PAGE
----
Nichols is arguing that none of the prevailing opinions regarding altruism in mindreading is accurate. He is purposing that altruistic motivation depends on a basic affective system, a ‘Concern Mechanism’, which requires only a minimal capacity for mindreading. This is different than the typical belief that the extent to which the capacity for altruism depends on the capacity for understanding other minds, or that the capacity for altruism depends on fairly sophisticated mindreading skills.
The last century had philosophers and psychologists trying to explain humans moral psychology by using and comparing our capacity for mindreading, or understanding other people’s minds. The last twenty years, however, have seen much conceptual and hard data progress in the research of mindreading. Moral psychology has looked at the nature and development of both the capacity for altruistic motivation and the capacity for attributing mental states to others and predicting their behaviour.
Nichols purposes that it is time that the two different examinations of mindreading be brought together and that the relationships between them start to be charted and examined. He also states that the research pool on altruism is huge, and that he draws from all the different areas of research in his paper, but he is trying to restrict this paper specifically to addressing and determining the cognitive mechanisms that underlay basic altruistic motivation.
Nichols states ‘that altruistic motivation depends on the minimal mindreading capacity to attribute negative affective or hedonic states to others.’ This means that a person is able to have the altruistic motivation capacity even when they don’t have the opportunity to, or use the ability to imagine themselves in the other person’s shoes. The person must still have the ability to attribute negative affective states and conditions to the other, though. This leads him into his argument for perspective when considering Batson’s evidence. Nichols flat-out states that ‘Batson’s experiments cannot be decisive evidence for the perspective-taking account.’ This is in reference to the range of empathy-provoking experiments that Nichols discussed earlier, such as where there were people that had to walk past a room where a man (one of the experimenters) was being put into some distress from a possible electric shock. It was then observed if the person walking past would offer assistance or not, and it was found that most of the time they would. Nichols argues that if the cost of helping had not been being shocked, then there would have been even more people that would have stopped to help, however, he also states that it makes some sense as to why higher empathy subjects have a higher altruistic motivational rate.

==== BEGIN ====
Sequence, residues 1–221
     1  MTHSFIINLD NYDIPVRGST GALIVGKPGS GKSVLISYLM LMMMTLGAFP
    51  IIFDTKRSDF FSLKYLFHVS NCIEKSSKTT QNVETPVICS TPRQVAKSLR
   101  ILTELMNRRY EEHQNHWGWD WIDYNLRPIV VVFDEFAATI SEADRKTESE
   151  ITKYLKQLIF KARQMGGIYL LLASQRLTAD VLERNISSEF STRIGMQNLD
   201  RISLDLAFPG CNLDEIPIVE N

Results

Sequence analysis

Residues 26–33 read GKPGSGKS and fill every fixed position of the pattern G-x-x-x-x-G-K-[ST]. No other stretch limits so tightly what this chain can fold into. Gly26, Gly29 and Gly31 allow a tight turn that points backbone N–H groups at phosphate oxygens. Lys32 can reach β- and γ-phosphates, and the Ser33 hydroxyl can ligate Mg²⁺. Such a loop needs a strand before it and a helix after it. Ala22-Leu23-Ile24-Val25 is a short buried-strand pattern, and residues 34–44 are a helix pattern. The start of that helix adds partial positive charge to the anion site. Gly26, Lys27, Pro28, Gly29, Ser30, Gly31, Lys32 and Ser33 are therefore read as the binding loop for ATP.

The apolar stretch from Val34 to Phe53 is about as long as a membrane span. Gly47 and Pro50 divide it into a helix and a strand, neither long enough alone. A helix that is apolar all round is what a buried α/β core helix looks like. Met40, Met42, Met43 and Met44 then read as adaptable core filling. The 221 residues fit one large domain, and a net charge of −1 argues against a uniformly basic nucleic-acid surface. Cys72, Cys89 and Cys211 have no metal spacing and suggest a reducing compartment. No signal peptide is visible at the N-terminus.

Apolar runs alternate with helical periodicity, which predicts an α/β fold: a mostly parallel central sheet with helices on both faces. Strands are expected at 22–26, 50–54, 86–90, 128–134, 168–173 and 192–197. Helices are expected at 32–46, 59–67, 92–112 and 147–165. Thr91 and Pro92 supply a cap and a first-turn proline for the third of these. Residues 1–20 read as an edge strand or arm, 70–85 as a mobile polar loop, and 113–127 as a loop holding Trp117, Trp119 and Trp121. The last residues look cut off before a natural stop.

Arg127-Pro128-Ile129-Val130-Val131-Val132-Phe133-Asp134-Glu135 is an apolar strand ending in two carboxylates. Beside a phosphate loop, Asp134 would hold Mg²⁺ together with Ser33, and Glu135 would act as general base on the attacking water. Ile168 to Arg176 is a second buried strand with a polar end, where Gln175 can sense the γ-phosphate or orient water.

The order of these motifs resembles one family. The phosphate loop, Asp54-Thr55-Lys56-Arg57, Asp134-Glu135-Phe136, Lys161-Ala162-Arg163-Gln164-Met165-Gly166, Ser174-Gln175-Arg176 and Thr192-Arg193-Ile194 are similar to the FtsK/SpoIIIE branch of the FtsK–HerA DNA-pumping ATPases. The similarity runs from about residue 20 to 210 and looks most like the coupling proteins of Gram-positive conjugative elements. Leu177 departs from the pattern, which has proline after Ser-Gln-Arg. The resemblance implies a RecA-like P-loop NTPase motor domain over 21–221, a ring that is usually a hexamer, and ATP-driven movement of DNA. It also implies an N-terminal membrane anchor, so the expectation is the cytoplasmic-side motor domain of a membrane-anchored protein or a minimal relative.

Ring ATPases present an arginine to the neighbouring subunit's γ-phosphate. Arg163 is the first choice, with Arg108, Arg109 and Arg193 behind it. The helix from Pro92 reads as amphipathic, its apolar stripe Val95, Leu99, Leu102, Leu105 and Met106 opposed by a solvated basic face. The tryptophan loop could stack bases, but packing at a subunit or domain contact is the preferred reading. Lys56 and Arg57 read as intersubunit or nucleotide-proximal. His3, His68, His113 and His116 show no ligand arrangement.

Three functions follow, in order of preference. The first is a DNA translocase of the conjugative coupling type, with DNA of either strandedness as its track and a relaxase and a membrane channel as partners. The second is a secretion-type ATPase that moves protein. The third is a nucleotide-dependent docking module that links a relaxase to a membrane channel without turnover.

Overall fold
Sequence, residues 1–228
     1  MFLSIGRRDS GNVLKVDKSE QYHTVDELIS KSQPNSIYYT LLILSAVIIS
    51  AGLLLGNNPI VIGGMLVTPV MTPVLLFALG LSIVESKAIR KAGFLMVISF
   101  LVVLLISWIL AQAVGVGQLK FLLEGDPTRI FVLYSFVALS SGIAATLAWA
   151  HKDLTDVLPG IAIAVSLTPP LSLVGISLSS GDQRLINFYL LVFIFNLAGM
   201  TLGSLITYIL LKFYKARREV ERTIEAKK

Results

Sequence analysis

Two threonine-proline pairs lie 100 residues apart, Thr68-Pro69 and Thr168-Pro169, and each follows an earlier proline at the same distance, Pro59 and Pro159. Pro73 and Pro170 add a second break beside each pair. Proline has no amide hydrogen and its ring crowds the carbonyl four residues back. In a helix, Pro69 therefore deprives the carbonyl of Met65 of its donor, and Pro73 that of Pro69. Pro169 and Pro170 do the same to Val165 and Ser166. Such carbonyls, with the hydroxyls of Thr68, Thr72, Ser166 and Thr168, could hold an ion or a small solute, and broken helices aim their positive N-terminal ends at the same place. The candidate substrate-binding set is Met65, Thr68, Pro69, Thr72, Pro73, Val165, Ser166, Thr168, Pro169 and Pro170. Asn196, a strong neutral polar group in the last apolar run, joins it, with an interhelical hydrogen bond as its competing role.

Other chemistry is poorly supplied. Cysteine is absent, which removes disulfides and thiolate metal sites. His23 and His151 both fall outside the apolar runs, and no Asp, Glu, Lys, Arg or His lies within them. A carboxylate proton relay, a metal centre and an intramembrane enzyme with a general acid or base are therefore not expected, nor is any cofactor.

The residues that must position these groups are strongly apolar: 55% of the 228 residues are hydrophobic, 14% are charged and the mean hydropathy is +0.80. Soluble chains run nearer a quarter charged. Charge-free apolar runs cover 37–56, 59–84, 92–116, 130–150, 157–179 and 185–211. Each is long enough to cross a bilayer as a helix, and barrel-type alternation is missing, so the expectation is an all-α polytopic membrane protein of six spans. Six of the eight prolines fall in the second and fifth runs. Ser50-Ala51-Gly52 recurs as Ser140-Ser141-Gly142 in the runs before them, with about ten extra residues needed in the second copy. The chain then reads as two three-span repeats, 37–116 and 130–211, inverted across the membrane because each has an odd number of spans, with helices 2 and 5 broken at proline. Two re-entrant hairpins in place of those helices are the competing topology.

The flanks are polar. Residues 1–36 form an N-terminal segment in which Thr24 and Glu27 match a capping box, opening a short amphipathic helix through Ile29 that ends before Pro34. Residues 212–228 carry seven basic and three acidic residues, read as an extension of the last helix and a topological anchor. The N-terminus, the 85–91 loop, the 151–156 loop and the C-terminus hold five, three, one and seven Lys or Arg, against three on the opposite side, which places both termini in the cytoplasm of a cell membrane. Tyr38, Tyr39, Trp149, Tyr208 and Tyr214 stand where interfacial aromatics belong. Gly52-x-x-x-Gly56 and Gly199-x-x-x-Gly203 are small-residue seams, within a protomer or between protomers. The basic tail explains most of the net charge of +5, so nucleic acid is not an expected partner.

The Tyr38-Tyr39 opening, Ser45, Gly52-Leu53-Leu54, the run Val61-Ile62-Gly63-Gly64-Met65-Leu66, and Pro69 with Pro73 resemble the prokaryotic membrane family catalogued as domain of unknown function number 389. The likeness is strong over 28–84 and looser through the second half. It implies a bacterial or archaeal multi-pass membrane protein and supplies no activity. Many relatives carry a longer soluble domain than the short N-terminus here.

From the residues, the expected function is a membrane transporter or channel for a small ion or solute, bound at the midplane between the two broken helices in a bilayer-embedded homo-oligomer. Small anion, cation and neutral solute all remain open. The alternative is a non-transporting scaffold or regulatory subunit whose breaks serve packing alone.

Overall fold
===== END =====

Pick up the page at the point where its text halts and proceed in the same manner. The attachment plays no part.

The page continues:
Nichols concludes this article with a compelling argument that the Concern Mechanism, which he believes is responsible for altruistic motivation, is present not only in humans, but also in non-human animals. This means that there is a small ability for mindreading in these animals, and that humans would have developed this to a greater extent over the evolutionary process. Further, Nichols effectively showed the mental states and stresses that affect people and produce altruistic motivation when activating on an affective system such as the Concern Mechanism. This all lends credence to his statement that the Concern Mechanism coupled with minimal mindreading capacity results in humans ability for altruistic motivation.
Nichols, S. (2001) ‘Mindreading and the Cognitive Architecture underlying Altruistic Motivation’ in Mind & Language, 16, pp. 425-455.